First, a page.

Since I was going to put a map on my pumpkin, I didn’t want any orange coming through, so the first thing I needed to do was spray paint it.  I wrapped the stem in painter’s tape, and used the rest of my white spray paint to get rid of the orange.

decoupage pumpkin 01

While the spray paint was drying, I printed some Charleston harbor chart maps on normal printer paper since this was what I was going to put on the pumpkin.  When your map is ready, cut it into 1/2″ strips.  If you have a larger pumpkin, then 1″ strips will work, but smaller pumpkin = thinner strips.

Apply a thin coat of mod podge to the back of a strip of paper, then adhere it to the pumpkin starting at the top by the stem.

decoupage pumpkin 02

Slowly work your way around the pumpkin until the map is completely on the pumpkin.  This gets tricky as you have to work with the curves and indentions of the pumpkin, which is why smaller strips were key for my lil guy.

decoupage pumpkin 03

Also, try to push out any wrinkles, so the paper is as flat as possible on the pumpkin.  I made tiny folds in some places to try to keep the map lined up as best I could, and conform to the curves.

decoupage pumpkin 04

I put a second map on the other side of the pumpkin, and filled in the area between the 2 maps with strips of land and water to try to blend the 2 maps together.

decoupage pumpkin 05

Once the pumpkin is covered in maps, apply a light coat of mod podge on top of the paper to seal it in and give it a finished look.


decoupage pumpkin 07

There was definitely a learning curve, since I’d never decoupaged anything before.  I got better as I progressed, but as my friend Lisa pointed out, you only need one side to look great!  I’m impressed by people that have crazy patterns and get them to line up perfect with no wrinkles — I must not have enough patience for that.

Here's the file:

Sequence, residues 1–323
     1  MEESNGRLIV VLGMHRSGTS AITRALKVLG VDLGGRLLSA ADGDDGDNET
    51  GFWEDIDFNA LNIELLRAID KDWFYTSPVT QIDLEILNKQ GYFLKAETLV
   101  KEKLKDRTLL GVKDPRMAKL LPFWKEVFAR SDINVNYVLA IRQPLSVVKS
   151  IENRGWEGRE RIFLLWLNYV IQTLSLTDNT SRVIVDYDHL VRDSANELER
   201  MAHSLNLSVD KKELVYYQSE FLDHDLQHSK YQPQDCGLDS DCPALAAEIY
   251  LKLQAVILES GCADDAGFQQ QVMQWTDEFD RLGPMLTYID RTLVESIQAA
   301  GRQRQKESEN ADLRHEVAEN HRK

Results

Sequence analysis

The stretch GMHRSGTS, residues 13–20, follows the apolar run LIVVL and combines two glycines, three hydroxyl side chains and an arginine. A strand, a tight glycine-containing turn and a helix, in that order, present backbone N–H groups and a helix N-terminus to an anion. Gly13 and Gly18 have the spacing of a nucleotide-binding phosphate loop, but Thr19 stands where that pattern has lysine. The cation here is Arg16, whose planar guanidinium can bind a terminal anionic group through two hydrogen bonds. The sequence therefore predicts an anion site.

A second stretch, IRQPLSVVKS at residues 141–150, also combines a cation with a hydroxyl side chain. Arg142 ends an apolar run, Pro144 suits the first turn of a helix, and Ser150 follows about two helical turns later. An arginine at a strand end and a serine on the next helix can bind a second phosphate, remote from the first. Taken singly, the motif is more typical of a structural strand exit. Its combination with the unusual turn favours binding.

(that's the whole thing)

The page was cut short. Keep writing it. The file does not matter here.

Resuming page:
Now I wonder what else I could decoupage…


Driftwood Candle Holder Centerpiece

On one of my walks on the beach I picked up 2 pieces of driftwood and saved them for future projects.  The biggest piece seemed like a good option to recreate these wooden centerpieces Hunter’s cousin, Brooke, had at her wedding last year.  The centerpieces were long pieces of wood with cutouts in them for tea lights.  Well, I had found my next project..

Driftwood Candle Holder Centerpiecedriftwood5

What you’ll need:

  • Piece of driftwood
  • Drill
  • 1.5″ Speedbor drill bit
  • Tea lights

This is a great example of a project I started, and then it basically sat in our garage for awhile while life took over… And finally had time to finish it!  Such is life, eh?

The piece of driftwood I found was filled with sand, so first I rinsed it off with the hose to get the excess sand off, then I let it dry off for a few weeks on our back patio and in the garage.

Once the piece was dry, I was ready to drill!  So when I got to this point and started drilling, Hunter and I realized that I had the wrong drill attachment to complete the project (a hole saw wasn’t gonna work).  I’ll blame this mishap on the delay in finishing the project, but eventually we went to Lowe’s and got the right piece –> a speedbor.

When you have the right tools, figure out how many cutouts you want to make and where they will go.  I decided on 7 tea light cutouts.


Then use your drill and slowly cut out the wood until it’s the perfect depth for the candles.  This was about 1/2″ – 3/4″  for me, so the tea lights fit in without anything sticking up.  By the way, the 1 1/2″ bit is the perfect size for tea lights.


Once I drilled all 7 holes, I let the wood dry a few more days since the inside of the wood was still kinda damp.  Then it was time to bring it inside and put the candles in!


driftwood4The holes aren’t perfectly lined up, but it matches the imperfections of the driftwood.  Now I just need to find the perfect place for it!  And find more pieces of driftwood…